But regardless of the shutdown, the US calendar is looking bare, with markets being shut on Monday for Martin Luther King Day and the only other notable releases being Tuesday’s existing home sales for December and Thursday’s flash manufacturing and services PMIs. Given the shortage of indicators, the IHS Markit manufacturing PMI could draw more attention than usual, especially if it points to unexpected weakness in the US economy.
North of the border, the Canadian dollar will be hoping for some positive boost from Canadian data after its oil-led rally came to a halt last week. First up are November manufacturing sales on Tuesday, followed by retail sales on Wednesday, also for November.
Brexit not going anywhere
Traders hoping to see Brexit headlines subsiding in the coming days following the crucial Parliamentary vote this week will be disappointed. In fact, Brexit will probably dominate the start of the week as Theresa May will on Monday unveil her ‘Plan B’ after her Withdrawal Agreement was crushingly defeated in Parliament. In the meantime, the prime minister and senior government members have been reaching out to opposition parties to reach consensus on a way forward. If her proposals on Monday fall short of something that stands a chance of being approved by MPs, the pound could gyrate again in forex markets. It should be noted though that the vote on the new plan won’t take place until January 29.
On the data front, UK jobs figures for November will be watched on Tuesday. The British labour market has so far withstood the cooling economy and wage growth even picked up in the three months to October, reaching a more than 10-year high of 3.3% y/y. If the higher growth in average weekly earnings proves sustainable, it could ease fears of a sharper slowdown as this would be supportive of domestic demand.
ECB to stick to script, highlight growing risks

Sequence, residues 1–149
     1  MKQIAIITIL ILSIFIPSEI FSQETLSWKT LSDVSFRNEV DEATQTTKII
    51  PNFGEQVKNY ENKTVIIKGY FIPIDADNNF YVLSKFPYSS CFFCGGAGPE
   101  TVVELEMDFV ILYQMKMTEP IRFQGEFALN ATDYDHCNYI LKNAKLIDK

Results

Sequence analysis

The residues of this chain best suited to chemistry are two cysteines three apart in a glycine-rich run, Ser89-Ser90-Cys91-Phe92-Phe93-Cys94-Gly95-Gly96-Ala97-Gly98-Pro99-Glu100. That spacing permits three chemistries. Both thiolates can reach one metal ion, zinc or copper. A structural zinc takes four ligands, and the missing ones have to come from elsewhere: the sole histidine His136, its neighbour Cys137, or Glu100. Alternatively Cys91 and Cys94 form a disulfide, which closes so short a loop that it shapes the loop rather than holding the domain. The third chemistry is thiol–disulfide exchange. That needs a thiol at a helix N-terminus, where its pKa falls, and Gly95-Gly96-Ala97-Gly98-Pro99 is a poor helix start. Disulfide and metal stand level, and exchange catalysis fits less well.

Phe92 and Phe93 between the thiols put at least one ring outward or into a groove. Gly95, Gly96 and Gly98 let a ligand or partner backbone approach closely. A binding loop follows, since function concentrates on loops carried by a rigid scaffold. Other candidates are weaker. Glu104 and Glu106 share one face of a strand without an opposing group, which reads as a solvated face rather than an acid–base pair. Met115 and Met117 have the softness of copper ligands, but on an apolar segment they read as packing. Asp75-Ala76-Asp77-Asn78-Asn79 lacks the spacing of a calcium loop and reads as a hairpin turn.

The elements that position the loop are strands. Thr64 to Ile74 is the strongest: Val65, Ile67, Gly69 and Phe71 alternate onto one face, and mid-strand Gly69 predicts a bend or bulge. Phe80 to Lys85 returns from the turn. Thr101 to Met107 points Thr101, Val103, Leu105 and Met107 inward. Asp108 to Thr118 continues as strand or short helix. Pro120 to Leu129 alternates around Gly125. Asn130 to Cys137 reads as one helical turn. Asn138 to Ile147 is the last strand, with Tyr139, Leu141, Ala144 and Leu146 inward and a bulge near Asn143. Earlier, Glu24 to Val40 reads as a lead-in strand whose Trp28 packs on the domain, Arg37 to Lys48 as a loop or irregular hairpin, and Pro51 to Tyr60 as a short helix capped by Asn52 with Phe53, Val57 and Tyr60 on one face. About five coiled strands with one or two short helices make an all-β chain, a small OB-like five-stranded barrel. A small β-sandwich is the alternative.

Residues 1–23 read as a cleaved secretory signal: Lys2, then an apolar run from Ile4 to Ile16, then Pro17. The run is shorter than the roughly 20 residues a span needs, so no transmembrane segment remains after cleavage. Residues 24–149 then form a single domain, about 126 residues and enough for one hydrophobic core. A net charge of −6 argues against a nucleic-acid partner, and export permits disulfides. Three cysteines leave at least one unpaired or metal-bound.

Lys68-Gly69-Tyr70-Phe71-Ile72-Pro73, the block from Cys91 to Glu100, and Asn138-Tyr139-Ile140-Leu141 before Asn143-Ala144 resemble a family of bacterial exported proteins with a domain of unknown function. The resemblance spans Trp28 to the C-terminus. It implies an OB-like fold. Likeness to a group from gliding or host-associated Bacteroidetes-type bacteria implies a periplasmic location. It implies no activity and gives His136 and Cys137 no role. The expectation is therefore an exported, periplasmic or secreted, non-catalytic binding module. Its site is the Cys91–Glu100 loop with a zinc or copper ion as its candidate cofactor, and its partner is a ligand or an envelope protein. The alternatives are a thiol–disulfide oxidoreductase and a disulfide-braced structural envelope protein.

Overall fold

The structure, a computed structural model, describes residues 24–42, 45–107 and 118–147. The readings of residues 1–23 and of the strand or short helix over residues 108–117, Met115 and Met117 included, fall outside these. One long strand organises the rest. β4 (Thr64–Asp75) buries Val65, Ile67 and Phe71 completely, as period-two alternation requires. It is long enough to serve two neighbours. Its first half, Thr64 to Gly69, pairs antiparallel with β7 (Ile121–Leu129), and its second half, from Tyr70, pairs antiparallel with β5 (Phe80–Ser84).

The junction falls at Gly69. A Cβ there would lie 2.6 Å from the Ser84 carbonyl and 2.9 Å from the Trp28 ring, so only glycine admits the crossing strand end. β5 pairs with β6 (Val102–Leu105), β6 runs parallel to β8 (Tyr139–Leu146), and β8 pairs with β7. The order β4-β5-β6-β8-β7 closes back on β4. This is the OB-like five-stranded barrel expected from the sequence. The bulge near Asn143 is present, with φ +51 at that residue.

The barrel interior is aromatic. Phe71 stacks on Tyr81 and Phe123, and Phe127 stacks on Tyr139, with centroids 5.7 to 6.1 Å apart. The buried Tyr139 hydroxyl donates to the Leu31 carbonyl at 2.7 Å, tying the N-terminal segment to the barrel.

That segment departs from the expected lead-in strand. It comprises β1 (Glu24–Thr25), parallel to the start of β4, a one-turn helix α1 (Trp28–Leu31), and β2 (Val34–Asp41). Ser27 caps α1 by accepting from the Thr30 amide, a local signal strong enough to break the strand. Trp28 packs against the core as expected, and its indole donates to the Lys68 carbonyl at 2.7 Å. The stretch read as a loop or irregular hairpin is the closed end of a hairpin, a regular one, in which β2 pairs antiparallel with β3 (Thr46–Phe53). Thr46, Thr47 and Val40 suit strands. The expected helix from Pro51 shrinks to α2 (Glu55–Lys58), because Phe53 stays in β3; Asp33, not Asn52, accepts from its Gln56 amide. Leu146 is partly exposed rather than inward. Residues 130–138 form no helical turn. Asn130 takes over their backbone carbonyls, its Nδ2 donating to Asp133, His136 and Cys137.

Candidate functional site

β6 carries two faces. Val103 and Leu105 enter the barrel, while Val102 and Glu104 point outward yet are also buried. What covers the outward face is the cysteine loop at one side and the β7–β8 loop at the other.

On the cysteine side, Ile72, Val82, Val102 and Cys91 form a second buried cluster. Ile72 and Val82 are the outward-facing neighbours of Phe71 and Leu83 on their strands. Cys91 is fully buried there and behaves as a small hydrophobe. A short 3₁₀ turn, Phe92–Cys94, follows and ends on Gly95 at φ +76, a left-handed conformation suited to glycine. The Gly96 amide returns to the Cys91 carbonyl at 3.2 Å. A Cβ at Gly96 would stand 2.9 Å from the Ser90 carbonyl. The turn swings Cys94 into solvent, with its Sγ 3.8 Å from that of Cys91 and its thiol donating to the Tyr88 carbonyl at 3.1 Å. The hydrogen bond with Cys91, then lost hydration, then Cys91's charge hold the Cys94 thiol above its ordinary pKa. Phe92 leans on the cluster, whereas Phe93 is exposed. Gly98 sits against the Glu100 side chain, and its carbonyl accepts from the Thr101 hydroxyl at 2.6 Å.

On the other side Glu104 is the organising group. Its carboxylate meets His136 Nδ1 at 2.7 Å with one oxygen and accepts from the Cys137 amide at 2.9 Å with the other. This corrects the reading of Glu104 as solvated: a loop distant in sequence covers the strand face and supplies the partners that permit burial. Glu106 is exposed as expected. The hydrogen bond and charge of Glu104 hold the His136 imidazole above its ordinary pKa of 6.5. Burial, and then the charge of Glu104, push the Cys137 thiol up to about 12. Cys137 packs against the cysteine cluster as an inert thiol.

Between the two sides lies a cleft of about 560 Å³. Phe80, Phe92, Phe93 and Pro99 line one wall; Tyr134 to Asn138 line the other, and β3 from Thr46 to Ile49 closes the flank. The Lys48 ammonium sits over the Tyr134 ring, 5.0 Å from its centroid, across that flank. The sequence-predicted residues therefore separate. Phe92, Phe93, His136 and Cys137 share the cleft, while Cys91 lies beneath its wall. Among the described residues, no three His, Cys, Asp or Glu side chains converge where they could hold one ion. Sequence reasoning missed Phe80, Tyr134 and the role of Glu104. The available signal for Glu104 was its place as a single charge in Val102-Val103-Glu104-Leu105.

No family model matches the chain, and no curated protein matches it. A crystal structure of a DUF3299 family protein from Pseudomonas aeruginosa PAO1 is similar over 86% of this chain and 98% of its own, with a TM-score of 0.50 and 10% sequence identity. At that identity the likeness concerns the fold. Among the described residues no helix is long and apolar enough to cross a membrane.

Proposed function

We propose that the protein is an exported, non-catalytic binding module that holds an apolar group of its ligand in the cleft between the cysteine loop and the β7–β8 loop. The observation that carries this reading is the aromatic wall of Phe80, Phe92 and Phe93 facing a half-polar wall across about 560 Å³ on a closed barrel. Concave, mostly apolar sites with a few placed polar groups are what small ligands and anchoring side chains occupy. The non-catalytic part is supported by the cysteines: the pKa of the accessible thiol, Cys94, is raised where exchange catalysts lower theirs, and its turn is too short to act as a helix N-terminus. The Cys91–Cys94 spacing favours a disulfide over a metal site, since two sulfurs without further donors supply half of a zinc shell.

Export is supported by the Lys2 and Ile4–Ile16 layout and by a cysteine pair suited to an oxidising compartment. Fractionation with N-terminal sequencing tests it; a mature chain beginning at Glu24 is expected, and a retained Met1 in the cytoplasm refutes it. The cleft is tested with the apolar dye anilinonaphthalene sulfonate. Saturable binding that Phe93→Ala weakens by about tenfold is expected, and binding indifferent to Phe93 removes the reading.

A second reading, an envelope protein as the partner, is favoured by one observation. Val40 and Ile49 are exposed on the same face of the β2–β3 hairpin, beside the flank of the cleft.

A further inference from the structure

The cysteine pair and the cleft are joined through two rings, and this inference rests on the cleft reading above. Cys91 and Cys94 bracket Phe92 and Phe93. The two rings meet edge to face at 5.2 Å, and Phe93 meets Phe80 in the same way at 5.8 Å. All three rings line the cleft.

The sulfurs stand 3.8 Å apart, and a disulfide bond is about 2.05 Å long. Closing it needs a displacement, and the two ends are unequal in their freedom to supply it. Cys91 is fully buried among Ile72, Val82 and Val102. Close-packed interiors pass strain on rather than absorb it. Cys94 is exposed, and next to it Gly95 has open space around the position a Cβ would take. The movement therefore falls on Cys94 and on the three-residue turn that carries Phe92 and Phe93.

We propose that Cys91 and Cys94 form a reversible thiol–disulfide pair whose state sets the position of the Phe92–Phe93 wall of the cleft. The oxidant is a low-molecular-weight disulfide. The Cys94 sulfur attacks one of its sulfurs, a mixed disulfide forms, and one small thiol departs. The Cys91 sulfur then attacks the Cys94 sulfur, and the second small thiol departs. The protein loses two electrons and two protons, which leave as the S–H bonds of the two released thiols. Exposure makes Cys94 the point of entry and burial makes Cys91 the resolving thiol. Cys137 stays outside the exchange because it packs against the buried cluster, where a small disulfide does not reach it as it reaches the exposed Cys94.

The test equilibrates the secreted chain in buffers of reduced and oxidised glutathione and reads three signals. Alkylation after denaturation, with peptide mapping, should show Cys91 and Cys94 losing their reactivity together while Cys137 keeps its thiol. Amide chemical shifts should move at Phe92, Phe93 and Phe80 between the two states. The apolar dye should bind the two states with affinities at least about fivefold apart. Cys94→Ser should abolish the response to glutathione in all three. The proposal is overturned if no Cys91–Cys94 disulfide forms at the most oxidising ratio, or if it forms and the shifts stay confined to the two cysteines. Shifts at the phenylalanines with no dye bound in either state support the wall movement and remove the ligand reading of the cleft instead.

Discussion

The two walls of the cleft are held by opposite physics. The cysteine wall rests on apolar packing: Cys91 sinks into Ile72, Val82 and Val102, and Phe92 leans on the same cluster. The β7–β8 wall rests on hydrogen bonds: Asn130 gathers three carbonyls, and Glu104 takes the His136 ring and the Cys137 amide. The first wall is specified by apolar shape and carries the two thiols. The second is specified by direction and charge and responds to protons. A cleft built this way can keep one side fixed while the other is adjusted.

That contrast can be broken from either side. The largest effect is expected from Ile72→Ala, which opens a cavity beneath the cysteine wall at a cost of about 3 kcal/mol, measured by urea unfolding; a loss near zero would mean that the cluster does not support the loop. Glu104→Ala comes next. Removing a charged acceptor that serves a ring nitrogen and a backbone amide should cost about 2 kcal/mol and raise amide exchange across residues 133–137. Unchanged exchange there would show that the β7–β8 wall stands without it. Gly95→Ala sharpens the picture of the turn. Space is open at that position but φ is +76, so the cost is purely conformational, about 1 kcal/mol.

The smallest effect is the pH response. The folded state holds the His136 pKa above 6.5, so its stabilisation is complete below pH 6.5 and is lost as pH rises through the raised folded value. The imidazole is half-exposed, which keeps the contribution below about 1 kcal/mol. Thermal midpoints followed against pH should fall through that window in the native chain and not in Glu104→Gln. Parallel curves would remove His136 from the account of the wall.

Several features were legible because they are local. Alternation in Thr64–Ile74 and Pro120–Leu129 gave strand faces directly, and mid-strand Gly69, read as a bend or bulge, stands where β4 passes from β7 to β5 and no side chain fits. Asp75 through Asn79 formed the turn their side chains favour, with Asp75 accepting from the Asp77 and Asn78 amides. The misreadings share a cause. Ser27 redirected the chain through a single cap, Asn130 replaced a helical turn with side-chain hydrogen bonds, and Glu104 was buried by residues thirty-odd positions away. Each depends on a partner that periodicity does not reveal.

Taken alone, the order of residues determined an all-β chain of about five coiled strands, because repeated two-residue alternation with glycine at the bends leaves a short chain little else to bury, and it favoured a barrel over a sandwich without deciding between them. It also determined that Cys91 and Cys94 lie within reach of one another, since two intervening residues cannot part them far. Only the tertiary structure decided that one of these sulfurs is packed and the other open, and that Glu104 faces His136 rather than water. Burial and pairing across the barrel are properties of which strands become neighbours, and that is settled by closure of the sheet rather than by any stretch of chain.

The European Central Bank’s policy meeting will be the focal point in Europe next week as the euro area economy continues to lose momentum, worrying both policymakers and investors. Helping the ECB with their latest assessment will be a number of important business surveys. The ZEW economic sentiment gauge out of Germany will be watched on Tuesday. The index is forecast to improve only marginally in January. On Thursday, the latest IHS Markit PMIs for the Eurozone are due. The manufacturing PMI is forecast to stay unchanged in January, but analysts expect the services PMI to improve slightly in January’s flash reading. Finally, on Friday, another German barometer – the Ifo business climate index – will be published. Forecasts are for the index to decline to fresh two-year lows in January.
If the data show another marked deterioration in Eurozone business activity, the ECB could signal a possible change to its forward guidance on interest rates in the coming meetings, although the Bank is unlikely to alter anything in its statement just yet. That would put the focus on President Mario Draghi when he holds his post-meeting press conference. Draghi will probably be quizzed by reporters on what the central bank intends to do if the economic backdrop in the Eurozone continues to worsen. Any indication that the Governing Council discussed delaying a rate hike or even loosening policy could send the euro tumbling against the greenback.
Another monetary policy meeting to watch will be that by the Norges Bank on Thursday. Norway’s central bank raised rates back in September for the first time in seven years and is projecting another increase in March. However, given the recent slide in oil – a major export earner for Norway – the Bank could take a more cautious approach and signal a delay. The Norwegian krone could resume its downtrend against the euro and the dollar if there is a shift in policy.